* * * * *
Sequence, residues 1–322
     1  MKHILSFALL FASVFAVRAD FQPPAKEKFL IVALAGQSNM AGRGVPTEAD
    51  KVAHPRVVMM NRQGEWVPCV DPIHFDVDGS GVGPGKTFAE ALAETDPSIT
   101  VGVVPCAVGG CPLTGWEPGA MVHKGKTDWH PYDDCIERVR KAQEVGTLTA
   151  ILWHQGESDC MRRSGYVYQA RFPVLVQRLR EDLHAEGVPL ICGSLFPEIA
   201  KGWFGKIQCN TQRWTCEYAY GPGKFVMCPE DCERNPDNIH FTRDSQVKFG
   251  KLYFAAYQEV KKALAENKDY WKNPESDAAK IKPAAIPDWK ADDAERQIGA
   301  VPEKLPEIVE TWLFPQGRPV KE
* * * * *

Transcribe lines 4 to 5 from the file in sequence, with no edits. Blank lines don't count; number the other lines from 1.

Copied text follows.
   101  VGVVPCAVGG CPLTGWEPGA MVHKGKTDWH PYDDCIERVR KAQEVGTLTA
   151  ILWHQGESDC MRRSGYVYQA RFPVLVQRLR EDLHAEGVPL ICGSLFPEIA